Mauricio Paramo,1,2 Rene Geissler,1 and Andrew Grimson1 1Department of Molecular Biology and Genetics, Cornell University, Ithaca, New York 14853, USA; 2Department of Biological Sciences, Binghamton University, Binghamton, New York 13902, USA The recurrence of post-transcriptional dysfunction in cancers and other genetic disorders makes gene regulation at the RNA level a central area of investigation. Post-transcriptional control is driven by cis-acting regulatory sequences preferentially located within the 3' untranslated region (3'UTR) of mammalian messenger RNA (mRNA). These sequences recruit trans factors, such as noncoding RNAs (e.g. microRNAs) and RNA-binding proteins, that affect mRNA processing, stability, localization, and translation. Recent comparative genomic studies and high-throughput cell-based screens have identified hundreds of novel cis-regulatory elements, but the mechanisms through which these elements influence gene expression remain unknown. Here, we focused on the characterization of a subset of sequence elements that activate gene expression post-transcriptionally. We selected candidate activating sequence elements that lead to increased reporter levels without significantly increasing levels of mRNA. To focus on elements most likely to possess biological significance, we furthermore required that our candidate elements be evolutionarily conserved in mammalian 3'UTRs. We validated the post-transcriptional activating potential of each candidate element using both transient and integrated reporter constructs in A549 and HEK293 human cell lines, respectively. The results of our work will help elucidate how multiple activating post-transcriptional cis-regulatory elements influence gene expression, thus expanding the set of known sequence elements that play important roles in influencing mammalian gene expression.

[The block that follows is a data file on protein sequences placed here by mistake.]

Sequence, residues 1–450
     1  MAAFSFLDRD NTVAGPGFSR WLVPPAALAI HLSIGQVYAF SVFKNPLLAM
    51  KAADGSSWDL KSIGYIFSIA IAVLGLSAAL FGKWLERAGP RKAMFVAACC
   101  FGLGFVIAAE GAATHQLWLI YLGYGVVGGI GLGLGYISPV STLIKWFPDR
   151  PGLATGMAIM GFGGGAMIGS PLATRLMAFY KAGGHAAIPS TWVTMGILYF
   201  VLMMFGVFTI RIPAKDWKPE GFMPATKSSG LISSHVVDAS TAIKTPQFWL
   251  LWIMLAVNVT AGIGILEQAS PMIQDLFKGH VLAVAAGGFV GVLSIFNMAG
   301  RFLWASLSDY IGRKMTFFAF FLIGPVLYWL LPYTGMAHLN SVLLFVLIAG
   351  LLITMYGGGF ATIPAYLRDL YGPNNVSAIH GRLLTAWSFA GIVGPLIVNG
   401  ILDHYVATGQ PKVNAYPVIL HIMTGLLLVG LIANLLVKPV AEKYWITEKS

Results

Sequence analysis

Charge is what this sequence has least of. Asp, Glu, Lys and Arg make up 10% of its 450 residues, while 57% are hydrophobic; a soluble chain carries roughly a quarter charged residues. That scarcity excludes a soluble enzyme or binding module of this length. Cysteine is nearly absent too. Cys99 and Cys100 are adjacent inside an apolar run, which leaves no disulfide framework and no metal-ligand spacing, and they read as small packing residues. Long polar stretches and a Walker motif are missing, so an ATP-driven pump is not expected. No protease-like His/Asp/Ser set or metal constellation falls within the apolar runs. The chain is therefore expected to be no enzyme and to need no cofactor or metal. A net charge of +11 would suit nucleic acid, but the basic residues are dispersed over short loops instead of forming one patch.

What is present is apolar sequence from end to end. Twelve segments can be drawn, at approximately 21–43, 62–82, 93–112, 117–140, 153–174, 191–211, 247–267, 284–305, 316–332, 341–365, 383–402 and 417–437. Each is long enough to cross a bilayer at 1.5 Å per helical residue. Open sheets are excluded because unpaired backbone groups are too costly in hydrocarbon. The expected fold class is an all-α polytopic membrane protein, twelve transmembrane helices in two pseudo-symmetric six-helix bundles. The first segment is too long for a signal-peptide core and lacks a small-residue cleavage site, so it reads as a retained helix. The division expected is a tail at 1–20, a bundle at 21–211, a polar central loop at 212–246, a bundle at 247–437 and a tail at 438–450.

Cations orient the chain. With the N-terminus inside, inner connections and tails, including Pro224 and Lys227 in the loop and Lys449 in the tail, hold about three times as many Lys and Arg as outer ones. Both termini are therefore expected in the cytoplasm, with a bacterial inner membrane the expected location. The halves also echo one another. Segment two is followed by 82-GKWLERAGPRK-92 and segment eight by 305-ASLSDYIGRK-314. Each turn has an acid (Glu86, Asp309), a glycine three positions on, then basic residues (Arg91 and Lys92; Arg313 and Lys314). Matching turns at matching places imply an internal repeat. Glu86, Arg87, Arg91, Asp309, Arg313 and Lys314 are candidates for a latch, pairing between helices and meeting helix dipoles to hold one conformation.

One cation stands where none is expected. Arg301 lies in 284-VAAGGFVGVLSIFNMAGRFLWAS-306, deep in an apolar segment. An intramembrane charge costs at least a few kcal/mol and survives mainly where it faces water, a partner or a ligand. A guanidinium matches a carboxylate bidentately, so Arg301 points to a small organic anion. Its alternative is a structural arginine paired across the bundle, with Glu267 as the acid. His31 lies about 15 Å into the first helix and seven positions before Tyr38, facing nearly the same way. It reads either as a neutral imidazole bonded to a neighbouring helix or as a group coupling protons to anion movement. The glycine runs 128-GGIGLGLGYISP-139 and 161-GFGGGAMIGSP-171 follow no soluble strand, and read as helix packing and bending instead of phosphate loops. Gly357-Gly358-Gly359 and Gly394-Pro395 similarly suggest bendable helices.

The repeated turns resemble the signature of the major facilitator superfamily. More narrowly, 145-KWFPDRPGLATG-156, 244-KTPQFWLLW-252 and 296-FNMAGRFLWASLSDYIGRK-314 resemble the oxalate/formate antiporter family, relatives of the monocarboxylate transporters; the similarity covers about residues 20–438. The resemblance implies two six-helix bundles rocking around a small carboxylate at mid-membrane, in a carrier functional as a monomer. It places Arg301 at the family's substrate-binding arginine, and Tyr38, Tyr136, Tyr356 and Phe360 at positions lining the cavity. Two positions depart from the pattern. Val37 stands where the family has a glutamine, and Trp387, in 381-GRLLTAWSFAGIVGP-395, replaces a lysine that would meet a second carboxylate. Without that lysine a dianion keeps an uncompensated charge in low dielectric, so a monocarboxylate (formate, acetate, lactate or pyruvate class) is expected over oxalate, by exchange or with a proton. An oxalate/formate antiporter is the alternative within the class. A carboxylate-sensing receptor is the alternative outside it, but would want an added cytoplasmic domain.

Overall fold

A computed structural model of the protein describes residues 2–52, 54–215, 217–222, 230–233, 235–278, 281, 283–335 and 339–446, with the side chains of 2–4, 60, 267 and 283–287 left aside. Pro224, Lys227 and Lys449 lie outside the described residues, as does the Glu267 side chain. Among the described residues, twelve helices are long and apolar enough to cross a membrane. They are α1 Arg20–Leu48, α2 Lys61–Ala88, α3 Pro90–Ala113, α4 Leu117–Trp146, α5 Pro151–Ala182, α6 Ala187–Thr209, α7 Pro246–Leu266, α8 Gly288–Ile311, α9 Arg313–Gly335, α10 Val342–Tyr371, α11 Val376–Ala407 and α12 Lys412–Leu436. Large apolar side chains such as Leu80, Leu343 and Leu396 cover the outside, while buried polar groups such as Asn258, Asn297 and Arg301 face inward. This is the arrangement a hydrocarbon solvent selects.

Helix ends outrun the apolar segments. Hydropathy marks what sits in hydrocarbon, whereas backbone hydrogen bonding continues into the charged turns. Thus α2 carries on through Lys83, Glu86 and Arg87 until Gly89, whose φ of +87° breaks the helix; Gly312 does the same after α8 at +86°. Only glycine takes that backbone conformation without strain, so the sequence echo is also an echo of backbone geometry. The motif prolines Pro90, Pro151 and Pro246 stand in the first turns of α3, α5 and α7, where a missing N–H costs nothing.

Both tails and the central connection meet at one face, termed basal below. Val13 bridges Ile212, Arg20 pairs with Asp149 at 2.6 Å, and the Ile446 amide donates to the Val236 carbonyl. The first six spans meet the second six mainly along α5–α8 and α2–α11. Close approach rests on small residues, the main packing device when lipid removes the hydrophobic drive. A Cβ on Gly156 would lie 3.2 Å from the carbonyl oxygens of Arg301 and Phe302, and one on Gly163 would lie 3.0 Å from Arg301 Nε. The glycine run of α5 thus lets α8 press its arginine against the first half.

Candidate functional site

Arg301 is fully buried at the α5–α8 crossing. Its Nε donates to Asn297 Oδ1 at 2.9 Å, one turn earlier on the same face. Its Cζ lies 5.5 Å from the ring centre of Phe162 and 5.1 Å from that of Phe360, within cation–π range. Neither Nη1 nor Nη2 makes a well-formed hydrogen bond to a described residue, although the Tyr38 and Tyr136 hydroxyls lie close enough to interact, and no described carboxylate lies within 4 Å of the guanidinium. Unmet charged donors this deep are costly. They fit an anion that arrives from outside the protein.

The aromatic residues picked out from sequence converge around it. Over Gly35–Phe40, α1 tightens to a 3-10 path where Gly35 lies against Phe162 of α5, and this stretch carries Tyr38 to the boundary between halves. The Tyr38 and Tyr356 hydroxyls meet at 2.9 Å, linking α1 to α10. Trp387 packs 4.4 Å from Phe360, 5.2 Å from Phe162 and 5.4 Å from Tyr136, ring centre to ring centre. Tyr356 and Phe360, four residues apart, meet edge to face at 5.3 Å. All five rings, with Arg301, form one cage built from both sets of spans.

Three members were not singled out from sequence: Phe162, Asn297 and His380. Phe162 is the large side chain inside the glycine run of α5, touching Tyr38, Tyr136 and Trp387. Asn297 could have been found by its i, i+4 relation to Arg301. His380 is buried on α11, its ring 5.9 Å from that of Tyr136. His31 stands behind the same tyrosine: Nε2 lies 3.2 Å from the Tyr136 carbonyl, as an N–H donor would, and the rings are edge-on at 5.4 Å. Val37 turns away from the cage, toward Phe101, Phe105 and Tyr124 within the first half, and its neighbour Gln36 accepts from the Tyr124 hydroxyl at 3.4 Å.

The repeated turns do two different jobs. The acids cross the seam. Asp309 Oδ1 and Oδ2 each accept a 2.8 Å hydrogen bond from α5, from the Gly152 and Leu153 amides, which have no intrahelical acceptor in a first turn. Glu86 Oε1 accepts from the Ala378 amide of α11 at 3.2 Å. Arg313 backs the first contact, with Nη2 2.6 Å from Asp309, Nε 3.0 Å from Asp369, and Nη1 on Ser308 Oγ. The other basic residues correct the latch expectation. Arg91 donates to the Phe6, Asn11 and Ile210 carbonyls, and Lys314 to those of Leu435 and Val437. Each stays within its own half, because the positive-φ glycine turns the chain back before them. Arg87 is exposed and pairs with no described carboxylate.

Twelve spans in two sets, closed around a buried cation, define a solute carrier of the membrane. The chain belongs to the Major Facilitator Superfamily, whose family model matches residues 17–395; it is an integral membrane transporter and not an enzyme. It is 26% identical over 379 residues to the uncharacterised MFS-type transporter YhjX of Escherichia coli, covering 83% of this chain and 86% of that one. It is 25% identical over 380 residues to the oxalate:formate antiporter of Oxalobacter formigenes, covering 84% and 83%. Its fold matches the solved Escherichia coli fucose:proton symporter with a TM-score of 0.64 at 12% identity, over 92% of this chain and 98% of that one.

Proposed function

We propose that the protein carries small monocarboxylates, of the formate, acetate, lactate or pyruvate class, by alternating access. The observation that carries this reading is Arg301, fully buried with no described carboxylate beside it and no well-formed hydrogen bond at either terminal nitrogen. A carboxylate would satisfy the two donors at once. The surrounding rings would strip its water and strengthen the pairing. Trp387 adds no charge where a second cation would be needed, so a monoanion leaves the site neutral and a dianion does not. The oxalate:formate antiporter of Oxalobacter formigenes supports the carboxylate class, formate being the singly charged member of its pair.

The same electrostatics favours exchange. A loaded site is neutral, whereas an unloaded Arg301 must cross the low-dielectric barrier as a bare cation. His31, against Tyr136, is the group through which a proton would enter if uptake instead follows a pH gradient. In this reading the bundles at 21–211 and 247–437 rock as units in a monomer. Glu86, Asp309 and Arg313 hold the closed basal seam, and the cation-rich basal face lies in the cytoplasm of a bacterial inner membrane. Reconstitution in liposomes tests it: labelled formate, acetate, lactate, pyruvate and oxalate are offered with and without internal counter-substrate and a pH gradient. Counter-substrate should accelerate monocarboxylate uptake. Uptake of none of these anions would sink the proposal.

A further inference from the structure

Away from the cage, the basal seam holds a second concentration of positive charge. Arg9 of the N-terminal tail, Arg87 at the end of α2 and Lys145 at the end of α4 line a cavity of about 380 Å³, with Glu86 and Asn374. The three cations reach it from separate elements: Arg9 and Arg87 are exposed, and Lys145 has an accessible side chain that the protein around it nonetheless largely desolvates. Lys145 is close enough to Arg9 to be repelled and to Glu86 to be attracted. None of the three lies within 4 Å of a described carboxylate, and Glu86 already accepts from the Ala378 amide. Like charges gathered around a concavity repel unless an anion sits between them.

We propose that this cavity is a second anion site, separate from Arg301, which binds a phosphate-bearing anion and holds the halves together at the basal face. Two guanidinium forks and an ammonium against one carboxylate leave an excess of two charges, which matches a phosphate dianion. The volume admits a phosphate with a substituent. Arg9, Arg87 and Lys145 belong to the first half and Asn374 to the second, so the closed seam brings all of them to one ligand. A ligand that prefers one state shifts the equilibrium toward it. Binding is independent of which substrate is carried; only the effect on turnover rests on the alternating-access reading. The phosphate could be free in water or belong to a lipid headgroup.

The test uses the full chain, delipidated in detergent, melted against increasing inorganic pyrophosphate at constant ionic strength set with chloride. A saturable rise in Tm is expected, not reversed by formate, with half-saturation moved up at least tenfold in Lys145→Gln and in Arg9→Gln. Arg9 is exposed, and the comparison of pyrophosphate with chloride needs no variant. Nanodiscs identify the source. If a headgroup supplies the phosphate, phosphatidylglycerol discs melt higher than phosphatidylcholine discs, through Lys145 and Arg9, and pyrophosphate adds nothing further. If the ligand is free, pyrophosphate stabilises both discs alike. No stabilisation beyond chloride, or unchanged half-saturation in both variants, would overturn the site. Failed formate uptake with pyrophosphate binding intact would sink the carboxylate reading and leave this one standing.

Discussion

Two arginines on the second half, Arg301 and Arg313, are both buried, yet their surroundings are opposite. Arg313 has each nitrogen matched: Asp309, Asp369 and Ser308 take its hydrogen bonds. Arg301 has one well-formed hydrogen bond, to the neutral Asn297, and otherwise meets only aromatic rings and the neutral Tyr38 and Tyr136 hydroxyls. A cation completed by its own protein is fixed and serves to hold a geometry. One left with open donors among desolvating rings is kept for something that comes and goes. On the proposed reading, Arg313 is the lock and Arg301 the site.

Students:
Eunchong Sarah Lim, Senior, Psychology
Faculty:
William Spangler, Associate Professor of Management, School of Management: Center for Leadership Studies


Inducible pesticide tolerance in Daphnia pulex influenced by resource availability
Abstract:
Pesticides are a challenge for aquatic systems. Aquatic species are relatively sensitive to pesticides, but can respond through evolving constitutive tolerance or induced tolerance via phenotypic plasticity. Contemporary literature predicts that tolerance depends on resource availability. Using the zooplankton Daphnia pulex we investigated how resource availability influenced D. pulex tolerance to carbaryl, a common pesticide. We found that individuals reared in high resource environments had a higher baseline tolerance than those reared in low resource environments. However, through exposure to sublethal concentration of carbaryl, D. pulex could induce similar levels of tolerance to those individuals in high resource environments.